Observation enhances third-party punishment only among people who were not hot-tempered
Keywords: punishment, reputation, third-party punishment, emotion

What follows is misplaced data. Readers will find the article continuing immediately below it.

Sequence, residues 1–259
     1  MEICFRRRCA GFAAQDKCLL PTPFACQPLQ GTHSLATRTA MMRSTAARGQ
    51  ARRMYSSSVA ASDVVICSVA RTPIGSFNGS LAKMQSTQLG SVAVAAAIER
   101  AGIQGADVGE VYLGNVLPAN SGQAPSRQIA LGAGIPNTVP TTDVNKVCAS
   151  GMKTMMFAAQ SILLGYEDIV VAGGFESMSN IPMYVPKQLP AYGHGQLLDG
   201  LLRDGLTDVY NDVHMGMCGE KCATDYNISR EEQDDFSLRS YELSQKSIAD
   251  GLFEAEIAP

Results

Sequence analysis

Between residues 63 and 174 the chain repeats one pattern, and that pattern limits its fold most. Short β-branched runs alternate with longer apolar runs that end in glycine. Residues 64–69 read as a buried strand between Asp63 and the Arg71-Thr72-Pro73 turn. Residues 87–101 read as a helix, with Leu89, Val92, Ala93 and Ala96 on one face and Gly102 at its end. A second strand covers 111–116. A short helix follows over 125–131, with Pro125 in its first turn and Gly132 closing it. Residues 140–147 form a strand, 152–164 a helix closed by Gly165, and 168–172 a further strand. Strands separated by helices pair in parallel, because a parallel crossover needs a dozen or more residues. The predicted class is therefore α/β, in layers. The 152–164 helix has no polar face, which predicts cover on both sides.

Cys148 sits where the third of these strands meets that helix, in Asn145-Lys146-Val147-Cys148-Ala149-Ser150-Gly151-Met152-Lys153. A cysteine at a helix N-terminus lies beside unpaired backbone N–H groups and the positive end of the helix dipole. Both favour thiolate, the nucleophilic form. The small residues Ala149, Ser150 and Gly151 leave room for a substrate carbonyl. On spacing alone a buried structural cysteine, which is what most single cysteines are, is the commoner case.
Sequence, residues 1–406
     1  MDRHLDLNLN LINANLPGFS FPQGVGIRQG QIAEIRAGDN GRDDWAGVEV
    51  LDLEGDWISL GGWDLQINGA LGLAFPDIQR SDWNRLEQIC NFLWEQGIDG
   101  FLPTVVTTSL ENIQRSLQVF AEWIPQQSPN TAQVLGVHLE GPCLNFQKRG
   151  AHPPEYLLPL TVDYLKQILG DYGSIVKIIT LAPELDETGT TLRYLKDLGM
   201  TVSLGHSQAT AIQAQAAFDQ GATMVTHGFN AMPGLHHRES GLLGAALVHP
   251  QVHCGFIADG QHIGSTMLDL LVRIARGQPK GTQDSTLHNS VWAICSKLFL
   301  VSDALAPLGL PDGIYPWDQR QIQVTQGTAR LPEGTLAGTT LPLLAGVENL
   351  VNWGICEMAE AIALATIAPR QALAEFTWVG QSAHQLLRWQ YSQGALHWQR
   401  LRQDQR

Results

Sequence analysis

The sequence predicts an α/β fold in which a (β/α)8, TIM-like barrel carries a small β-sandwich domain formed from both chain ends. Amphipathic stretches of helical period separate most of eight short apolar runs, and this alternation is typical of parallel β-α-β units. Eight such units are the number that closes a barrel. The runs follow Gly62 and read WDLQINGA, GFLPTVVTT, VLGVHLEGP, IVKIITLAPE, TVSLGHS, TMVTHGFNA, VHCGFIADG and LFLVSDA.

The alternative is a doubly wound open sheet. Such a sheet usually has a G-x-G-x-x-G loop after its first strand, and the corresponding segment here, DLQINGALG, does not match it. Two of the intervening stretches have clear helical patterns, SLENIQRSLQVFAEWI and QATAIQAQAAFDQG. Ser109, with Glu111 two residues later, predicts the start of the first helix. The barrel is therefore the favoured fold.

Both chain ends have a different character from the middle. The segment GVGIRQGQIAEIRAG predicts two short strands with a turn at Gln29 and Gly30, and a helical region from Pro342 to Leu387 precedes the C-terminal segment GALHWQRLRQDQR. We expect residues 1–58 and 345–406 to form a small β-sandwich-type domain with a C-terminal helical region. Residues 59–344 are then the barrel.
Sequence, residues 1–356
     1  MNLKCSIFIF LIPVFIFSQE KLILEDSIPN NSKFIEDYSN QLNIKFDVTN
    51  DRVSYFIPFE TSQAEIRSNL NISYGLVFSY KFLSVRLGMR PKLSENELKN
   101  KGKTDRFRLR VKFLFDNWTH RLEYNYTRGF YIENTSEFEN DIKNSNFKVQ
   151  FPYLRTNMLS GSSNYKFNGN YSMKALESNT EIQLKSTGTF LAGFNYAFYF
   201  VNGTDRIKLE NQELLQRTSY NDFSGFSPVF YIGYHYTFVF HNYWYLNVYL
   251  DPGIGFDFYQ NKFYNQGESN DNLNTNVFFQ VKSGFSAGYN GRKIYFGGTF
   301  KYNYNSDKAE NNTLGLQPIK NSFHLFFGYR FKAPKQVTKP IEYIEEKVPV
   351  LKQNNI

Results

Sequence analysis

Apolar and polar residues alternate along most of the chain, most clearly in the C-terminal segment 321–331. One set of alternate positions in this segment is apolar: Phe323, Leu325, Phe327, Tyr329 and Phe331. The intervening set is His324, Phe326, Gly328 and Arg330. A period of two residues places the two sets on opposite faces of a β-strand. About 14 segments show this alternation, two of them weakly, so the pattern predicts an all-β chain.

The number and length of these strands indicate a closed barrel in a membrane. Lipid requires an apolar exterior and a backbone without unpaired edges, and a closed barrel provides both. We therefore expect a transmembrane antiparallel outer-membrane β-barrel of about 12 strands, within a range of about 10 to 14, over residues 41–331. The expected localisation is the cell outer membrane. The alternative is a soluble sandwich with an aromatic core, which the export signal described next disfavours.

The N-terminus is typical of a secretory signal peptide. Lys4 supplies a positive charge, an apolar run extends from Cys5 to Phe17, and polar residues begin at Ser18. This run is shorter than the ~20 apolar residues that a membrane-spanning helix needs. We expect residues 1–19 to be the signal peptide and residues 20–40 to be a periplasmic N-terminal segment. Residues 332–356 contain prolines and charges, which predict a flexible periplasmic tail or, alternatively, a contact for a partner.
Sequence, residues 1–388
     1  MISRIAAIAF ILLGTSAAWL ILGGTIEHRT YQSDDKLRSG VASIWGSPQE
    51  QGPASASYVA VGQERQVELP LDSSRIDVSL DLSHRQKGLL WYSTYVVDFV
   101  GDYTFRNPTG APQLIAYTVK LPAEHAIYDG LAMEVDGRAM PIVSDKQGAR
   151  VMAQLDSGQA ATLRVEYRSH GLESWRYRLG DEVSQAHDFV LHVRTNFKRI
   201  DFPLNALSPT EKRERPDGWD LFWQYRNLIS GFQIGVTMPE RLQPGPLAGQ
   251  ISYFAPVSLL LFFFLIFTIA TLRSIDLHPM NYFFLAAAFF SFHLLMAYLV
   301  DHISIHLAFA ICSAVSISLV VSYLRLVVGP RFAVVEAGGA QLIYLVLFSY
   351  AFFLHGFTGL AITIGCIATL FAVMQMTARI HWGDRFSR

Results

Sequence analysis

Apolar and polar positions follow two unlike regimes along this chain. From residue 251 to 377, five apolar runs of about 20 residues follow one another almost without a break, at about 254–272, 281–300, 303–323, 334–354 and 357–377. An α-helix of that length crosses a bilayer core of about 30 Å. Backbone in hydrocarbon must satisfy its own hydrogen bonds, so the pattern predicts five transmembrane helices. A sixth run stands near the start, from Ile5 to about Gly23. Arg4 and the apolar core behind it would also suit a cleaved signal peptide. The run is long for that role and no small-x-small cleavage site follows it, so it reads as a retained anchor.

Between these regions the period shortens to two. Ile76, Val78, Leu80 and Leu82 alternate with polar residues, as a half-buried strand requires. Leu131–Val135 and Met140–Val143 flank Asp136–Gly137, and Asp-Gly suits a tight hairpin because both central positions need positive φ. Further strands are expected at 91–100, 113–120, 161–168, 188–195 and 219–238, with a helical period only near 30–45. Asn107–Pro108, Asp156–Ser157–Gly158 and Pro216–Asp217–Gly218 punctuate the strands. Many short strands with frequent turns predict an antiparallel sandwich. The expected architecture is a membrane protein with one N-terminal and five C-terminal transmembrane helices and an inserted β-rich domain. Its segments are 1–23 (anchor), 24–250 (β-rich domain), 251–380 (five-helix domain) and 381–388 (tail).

AbstractThe evolution of punishment toward norm-violators has been discussed for understanding a large-scale human cooperation. Recent studies showed that the presence of cues of surveillance makes people concern about their reputation and increase altruistic behavior. Recent study also suggests that explicit cues of observation affect punitive behavior. We examined whether both explicit (being observed by an experimenter) and implicit cues (drawing of stylized eyes) of observation enhance third-party punishment. The results of the experiments with Japanese participants showed that both type of cues of observation increased third-party punishment only among those who did not feel anger toward an unfair allocator. In contrast, the cues suppressed the punishment when participant felt stronger anger toward an allocator. Moderating effect of emotion is interpreted as a cultural norm of emotional expression. Our study suggests that we humans are endowed with the psychological system inducing third-party punishment in response to cues of being observed while its function may be moderated by cultural factors.